When I started to want to ride longer rides, I kind of made up things I wanted to do on my own and I still do but I wouldn’t have had those ideas and been able to set those benchmarks without some of the reading that I did, and some of the research that I’ve done on other endurance cyclists; and I’m learning that there’s people out there that have a more, they’re not competing against other cyclists but they’re competing against terrain or point-to-points and mountain ranges and distances themselves. I couldn’t even guess as to how many people have ridden a bicycle across the country solo with nothing, and set out and did it for some kind of, for lack of a better phrase, a mid-life crisis or monumental change in their life, gone and done something drastic or created an adventure for themselves that wasn’t about getting fame of fortune or recognition. It was to accomplish something, to dig in to who they really were and live in that moment, and there are a lot of them.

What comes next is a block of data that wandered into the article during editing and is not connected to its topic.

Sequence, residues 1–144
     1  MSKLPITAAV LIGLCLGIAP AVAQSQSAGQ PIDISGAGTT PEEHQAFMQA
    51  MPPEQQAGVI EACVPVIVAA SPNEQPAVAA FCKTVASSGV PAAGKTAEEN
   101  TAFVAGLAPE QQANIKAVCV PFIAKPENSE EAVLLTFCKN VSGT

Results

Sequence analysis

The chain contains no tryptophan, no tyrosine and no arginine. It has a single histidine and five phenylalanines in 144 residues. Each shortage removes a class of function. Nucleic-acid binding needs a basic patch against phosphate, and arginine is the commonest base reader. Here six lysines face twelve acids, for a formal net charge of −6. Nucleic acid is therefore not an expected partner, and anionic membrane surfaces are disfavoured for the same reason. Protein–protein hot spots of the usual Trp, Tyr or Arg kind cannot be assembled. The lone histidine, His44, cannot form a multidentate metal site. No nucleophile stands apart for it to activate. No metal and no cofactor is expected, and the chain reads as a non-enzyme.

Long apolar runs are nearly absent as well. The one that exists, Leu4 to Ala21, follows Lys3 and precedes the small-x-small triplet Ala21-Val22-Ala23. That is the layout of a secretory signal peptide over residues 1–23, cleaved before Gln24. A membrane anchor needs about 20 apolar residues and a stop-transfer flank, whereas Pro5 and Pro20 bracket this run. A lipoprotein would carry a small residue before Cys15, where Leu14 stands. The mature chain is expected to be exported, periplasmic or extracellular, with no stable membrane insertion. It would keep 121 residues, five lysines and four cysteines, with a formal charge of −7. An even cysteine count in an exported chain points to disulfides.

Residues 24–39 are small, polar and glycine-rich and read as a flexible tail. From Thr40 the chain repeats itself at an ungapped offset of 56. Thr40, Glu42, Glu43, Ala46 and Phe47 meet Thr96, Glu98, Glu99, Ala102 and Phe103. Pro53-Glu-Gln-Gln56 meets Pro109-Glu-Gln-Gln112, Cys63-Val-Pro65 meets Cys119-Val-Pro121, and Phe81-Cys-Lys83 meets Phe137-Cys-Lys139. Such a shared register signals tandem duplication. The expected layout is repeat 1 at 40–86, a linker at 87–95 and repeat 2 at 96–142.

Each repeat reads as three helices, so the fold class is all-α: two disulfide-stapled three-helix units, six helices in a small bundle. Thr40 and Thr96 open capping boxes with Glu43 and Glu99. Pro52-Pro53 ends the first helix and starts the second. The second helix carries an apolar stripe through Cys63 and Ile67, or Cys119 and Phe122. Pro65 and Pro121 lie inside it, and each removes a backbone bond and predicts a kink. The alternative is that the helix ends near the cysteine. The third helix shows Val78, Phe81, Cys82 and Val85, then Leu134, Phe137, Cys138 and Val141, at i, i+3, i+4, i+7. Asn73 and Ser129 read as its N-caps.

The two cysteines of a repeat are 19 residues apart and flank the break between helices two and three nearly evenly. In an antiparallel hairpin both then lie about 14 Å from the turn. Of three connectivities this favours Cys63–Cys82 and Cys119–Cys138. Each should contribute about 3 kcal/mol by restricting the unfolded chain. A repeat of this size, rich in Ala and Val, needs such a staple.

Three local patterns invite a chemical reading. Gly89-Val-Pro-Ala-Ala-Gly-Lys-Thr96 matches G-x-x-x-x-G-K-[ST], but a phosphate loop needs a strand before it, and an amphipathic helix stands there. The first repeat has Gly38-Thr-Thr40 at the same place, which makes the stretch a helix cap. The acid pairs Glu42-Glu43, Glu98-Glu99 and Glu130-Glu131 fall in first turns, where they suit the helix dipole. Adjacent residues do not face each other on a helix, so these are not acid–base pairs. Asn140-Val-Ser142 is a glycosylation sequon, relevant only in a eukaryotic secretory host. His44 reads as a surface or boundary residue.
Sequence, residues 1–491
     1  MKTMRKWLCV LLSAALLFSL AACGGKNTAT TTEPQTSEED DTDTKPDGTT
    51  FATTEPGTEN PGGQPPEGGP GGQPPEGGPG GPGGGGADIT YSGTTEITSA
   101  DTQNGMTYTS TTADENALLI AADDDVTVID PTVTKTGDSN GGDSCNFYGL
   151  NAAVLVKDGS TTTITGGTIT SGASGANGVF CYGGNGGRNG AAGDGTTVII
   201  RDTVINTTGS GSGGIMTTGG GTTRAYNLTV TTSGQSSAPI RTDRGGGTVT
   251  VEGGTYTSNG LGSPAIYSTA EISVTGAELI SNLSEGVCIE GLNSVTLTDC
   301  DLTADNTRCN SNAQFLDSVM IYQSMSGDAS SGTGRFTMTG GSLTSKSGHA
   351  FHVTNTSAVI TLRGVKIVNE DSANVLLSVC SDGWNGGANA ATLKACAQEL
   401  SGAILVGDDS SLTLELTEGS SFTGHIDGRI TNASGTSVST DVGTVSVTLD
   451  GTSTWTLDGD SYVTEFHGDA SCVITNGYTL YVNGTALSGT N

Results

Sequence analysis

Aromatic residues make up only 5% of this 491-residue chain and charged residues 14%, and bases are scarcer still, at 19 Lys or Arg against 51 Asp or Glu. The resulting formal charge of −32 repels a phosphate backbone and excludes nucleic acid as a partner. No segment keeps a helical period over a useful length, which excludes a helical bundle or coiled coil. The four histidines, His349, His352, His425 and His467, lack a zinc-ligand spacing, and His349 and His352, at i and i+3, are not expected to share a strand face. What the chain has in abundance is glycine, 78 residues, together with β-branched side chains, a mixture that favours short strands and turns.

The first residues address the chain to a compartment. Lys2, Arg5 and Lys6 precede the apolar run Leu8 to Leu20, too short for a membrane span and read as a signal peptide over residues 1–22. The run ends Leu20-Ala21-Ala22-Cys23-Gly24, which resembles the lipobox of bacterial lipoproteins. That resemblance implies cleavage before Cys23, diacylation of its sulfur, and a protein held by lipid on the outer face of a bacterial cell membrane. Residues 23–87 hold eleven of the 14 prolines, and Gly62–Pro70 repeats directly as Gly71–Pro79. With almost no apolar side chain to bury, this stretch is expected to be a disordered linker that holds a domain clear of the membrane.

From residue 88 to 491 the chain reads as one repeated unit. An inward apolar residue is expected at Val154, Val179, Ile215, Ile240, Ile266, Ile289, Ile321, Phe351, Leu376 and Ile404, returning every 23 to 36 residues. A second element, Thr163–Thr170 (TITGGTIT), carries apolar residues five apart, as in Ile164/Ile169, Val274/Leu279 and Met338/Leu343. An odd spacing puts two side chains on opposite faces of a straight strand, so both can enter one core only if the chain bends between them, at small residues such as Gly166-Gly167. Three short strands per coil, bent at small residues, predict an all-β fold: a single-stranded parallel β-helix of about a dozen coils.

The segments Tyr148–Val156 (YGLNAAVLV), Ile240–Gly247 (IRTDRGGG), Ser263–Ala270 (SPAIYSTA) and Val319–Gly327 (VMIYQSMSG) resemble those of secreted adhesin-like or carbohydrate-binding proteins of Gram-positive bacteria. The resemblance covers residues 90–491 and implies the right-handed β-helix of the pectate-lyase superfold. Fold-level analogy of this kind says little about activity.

There are a lot of people that do amazing journeys and intense, like a full throttle doing things that are just ridiculous. Those people out there aren’t seekers of recognition, fame or anything. They’re doing it for other reasons, but they’re out there and they’re doing things that are incredible. So everybody’s got their own reason for doing it. This opportunity was born by that book. I didn’t say it but Brenda was here and it was the topic of my conversations all the time, and she was just tired of it. We’ll sit down to dinner and she’s like, “I ain’t listening about Jure Robic tonight! So if you want to talk about him, you’re going to have to call somebody.” It set that goal inside of me. The Race Across America – I want to accomplish it. I don’t need to win it. I don’t need to set a record – not any of that. I just need to live it and that for me is my motivation and what I want to achieve. Other people are doing things that are quite amazing and I know that there’s probably a record for this. An actual mark for somebody riding from San Francisco to Los Angeles and it’s a beautiful road. It’s super nice. I would like to do something like that just for myself and just do it non-stop and see how long it takes, and then take a big rest. But there’s so many interesting things that happen in your mind and through your body and I would suggest to anybody thinking about doing it, think about not doing it and how that’s going to be a bummer. So if you think about doing something like that, just start doing it.

A Final Word